Based on emerging new evidence and expert consensus, a task force put together by the European League Against Rheumatism (EULAR) released updated recommendations for the management of systemic lupus erythematosus (SLE). This report was published in Annals of the Rheumatic Diseases.
The investigators performed a systematic review of studies focused on treatment strategies for the management of SLE published between January 2007 and December 2017. Recommendations for 4 broad categories were developed following the modified Delphi method, in which the task force devised related questions, elicited expert opinions, and reached consensus.
Recommendations for Goals of Treatment
Goals for the treatment of SLE should aim to target remission of disease symptoms, prevention of damage from disease activity, minimization of drug side-effects, and improvement of quality of life measures. Close monitoring of disease activity and patient adherence to treatment are recommended to help reduce the risk for flare.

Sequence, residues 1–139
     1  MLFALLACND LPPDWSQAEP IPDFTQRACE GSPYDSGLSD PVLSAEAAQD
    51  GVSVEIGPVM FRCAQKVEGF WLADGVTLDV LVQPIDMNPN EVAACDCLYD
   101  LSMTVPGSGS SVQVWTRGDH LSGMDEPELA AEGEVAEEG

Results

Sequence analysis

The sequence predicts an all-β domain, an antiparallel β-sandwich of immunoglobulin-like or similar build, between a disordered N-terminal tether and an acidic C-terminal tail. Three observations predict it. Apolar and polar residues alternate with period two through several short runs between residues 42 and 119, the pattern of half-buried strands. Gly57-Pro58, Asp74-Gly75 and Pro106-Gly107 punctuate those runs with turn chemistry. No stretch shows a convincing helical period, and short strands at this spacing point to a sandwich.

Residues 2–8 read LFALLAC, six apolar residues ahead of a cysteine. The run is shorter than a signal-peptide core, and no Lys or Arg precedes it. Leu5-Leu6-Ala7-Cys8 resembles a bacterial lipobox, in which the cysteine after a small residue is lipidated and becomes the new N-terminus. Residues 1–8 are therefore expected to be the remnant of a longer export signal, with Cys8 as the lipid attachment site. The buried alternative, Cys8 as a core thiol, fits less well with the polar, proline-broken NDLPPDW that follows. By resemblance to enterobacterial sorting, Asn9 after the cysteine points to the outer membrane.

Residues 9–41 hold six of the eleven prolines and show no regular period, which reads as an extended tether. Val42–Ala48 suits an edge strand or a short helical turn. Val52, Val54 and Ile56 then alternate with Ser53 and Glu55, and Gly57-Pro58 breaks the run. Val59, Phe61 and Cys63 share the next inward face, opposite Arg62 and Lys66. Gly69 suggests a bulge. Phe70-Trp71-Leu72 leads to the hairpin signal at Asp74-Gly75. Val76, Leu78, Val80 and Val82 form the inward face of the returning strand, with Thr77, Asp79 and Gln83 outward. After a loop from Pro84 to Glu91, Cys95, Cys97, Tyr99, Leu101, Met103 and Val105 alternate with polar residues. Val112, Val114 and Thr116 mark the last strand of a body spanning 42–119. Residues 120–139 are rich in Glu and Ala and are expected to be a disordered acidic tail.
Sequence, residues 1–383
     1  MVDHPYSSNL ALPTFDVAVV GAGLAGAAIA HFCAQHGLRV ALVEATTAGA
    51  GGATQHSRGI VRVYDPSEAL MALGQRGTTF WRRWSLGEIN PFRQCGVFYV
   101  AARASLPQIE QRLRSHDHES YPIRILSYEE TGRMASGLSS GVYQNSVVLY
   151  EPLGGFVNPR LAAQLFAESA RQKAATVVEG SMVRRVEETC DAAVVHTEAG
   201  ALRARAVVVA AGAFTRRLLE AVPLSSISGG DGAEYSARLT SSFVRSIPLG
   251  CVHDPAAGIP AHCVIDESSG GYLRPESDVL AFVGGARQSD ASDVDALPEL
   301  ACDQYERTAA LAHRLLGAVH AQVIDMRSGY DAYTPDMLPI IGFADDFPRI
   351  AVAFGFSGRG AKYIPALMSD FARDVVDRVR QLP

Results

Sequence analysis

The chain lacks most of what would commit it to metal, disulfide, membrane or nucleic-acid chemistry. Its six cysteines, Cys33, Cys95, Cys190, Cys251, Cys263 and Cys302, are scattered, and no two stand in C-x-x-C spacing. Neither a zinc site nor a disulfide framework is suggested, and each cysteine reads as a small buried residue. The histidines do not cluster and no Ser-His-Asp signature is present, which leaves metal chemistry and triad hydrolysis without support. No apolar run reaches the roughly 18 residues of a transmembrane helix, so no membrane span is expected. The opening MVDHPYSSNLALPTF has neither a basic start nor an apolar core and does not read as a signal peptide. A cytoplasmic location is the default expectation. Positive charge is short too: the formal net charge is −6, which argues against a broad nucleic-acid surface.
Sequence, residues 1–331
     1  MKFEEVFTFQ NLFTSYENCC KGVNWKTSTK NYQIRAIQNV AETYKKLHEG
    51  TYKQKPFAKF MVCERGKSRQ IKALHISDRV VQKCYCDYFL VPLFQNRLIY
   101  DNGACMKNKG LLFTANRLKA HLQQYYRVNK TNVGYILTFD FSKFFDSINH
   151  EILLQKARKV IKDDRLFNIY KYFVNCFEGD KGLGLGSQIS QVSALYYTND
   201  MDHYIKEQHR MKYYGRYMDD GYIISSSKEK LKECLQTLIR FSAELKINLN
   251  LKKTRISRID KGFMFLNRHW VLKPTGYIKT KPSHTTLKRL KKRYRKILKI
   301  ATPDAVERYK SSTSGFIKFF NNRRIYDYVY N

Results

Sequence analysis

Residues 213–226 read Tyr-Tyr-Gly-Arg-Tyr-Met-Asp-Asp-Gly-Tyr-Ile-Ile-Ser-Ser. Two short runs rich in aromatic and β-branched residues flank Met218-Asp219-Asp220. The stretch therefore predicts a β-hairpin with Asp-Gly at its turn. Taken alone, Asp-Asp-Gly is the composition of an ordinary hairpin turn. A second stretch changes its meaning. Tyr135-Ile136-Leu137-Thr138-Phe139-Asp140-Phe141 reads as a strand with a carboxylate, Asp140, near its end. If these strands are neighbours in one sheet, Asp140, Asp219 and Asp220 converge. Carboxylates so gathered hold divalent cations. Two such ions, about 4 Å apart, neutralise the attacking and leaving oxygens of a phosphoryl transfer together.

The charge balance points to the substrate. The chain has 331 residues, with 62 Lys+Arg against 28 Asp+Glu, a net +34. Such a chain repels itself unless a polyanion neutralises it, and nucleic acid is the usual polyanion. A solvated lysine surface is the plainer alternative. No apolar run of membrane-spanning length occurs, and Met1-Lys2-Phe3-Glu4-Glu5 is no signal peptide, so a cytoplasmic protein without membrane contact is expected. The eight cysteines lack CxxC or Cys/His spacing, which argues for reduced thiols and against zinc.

Recommendations for Treatment of Systemic Lupus Erythematosus
With multiple beneficial effects, hydroxychloroquine is recommended for all patients with SLE. However, retinal toxicity is a risk in long-term use of hydroxychloroquine, especially for patients with increased dosage, chronic kidney disease, or preexisting retinal or macular disease. For this reason, EULAR recommends a dose not exceeding 5 mg/kg real body weight.
During chronic maintenance, glucocorticoids can provide rapid symptom relief, but long-term glucocorticoid use may be damaging to organs. In the medium term, EULAR recommends minimizing dose to less than 7.5 mg/d (prednisone equivalent) and, when possible, should be discontinued.
Appropriate initiation of immunosuppressive drugs is recommended to facilitate rapid glucocorticoid tapering and possibly prevent disease flares. Patient age, childbearing potential, prevailing disease manifestations, safety concerns, and cost are factors that should inform the choice of immunosuppressive agent (including methotrexate, azathioprine, and mycophenolate mofetil). Methotrexate and azathioprine should be considered in patients with poor symptom control after receiving glucocorticoids and hydroxychloroquine or when hydroxychloroquine alone is unlikely to be sufficient.